A few words to present our collection.


Polypack, Inc. designs and manufactures automatic packaging machines; technical activity based upon research and innovation.


Behind any machine, robot, computer, or automobile stands a human being.  His ability to create and give life (very limited artificial life) to useful contraptions will lead to the development of material progress.


I bought my first "vintage car" out of necessity in the 1950s when a Talbot, Delahaye or a Darl'Mat was less expensive than any other "people's car."  I loved the cars and one after another, after good service, they were garaged, waiting for better years.


Tatra from Czechoslovakia was another topic.  I was intrigued by a technology and a body style almost from outer space.


The idea of a collection based upon avant garde automobile technology grew stronger every day.


Tatra with Hans Ledwinka symbolizes the rear engine technology; front wheel drive engineering was the obvious counterpoint with his apostle, Jean Albert Gregoire: the Yin and Yang  of automobile technology.


In the course of our research, we discovered more creative engineers and more names.  Their monikers - some unknown to the public at large - materialized every day: Jaray, Muller, Porsche, Rasmussen, Rohr...


Most of the automobiles presented here were born in the 1920s and '30s. The new concepts behind these cars had to wait many years before being accepted.

How to explain a lack of enthusiasm in the automobile industry? A car buyer has two main goals:
* His automobile will have to be reliable; and
* The cost of the car will have to be as low as possible.

For many people it is a substantial investment and the automobile is a working tool. It is out of the question to leave a car too frequently in a garage for repairs or tune-ups.

In the industrial world of machine manufacturers, the same constraints reign. A fast, "high tech" machine cannot stop working at 10:00 p.m. for no reason when the second shift is in production.

The buyer will ask for proven reliability and references dating back as far as possible. He almost never buys a prototype.

An automobile company will be obliged to be careful in its investment in a new product unwelcome by the marketing. Only a small company with few but fervent clients ready to accept a risk will launch a revolutionary car.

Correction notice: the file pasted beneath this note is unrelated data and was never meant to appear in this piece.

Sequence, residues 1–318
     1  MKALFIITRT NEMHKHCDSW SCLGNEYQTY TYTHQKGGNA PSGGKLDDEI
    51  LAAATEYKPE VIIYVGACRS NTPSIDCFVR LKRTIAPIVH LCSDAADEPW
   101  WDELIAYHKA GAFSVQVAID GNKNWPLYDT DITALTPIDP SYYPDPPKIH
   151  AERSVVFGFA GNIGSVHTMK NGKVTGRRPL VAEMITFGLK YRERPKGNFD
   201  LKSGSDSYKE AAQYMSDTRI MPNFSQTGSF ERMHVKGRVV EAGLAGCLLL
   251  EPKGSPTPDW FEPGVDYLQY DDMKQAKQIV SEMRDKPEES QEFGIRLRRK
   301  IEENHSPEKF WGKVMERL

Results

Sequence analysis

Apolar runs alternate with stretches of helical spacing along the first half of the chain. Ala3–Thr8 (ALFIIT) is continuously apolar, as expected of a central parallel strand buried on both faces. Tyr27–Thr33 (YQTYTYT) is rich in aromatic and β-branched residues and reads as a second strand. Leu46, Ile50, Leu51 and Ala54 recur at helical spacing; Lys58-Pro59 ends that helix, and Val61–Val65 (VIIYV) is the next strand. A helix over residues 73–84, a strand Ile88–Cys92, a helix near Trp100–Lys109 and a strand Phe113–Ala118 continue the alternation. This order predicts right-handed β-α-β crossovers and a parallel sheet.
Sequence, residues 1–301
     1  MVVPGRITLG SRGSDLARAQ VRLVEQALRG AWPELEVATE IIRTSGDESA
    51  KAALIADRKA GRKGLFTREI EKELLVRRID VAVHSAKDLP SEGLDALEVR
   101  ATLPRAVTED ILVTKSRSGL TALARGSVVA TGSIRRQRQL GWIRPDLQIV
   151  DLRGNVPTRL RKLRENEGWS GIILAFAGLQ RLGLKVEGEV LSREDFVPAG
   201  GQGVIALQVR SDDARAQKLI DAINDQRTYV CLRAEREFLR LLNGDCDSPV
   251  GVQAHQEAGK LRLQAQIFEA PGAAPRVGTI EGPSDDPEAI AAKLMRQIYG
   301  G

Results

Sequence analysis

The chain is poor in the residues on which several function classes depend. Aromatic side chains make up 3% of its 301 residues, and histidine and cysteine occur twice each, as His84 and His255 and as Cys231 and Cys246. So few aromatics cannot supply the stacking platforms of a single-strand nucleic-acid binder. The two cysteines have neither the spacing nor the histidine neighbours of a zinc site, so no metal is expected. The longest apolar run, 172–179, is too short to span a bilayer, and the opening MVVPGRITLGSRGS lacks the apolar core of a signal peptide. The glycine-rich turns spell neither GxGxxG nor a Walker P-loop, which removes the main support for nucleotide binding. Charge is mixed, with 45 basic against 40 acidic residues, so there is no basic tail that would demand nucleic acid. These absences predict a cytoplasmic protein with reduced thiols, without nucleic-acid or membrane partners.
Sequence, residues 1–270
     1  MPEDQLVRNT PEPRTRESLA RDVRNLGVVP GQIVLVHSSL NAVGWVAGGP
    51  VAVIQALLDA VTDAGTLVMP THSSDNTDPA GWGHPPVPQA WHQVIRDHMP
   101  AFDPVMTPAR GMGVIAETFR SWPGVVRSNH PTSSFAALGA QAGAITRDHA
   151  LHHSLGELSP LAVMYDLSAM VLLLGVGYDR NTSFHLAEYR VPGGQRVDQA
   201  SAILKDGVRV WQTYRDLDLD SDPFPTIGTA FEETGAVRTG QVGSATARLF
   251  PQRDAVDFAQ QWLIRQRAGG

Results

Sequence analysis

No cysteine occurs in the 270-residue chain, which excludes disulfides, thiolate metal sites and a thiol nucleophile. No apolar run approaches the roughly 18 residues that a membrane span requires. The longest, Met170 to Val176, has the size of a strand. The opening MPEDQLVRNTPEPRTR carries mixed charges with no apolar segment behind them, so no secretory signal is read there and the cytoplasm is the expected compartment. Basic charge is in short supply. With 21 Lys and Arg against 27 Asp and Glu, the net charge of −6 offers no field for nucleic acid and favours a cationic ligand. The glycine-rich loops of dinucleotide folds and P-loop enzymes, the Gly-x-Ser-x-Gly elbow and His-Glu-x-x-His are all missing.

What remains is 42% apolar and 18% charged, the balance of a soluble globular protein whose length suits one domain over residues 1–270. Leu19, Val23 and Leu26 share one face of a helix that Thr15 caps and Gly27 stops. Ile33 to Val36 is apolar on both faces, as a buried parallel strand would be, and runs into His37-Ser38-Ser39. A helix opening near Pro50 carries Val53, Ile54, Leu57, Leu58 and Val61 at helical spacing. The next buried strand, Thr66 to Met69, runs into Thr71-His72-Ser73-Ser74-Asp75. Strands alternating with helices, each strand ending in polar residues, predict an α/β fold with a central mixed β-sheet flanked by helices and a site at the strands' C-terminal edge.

A larger company can do it if it has an enthusiastic helmsman, such as Erett Cord, who could still survive if one of his companies was faring badly.

But remember what happened to Andre Citroen, the visionary, who lost his company and his life in a risky venture.

Another possibility may be political. Hitler subsidized Auto Union and Mercedes to win international races for the prestige of the Third Reich. At the same time, Hitler's propaganda was promoting the people car, the Volkswagen or KDF (work through joy), which was to be manufactured under cost with government subsidies.

Original ideas belonged, quite often, to research engineers with strong and sometimes even abrasive personalities who, unable to bear the pressure of big corporations, opened their own consulting businesses. Ferdinand Porsche slammed the door on Austro Daimler, Steyr, and Mercedes, before opening his own shop, geared toward consulting in Stuttgart, in 1930.

An idea coming from nowhere will have to be sold to staff engineers alien to the concept "not made here."

Creators and inventors are seldom rich men.

But, when later all of these ideas, revolutionary in their time, prevailed in the industry, consumers and industrialists had to remember the men who created the future and their successors who imagined the world of tomorrow.


Alain A. Cerf


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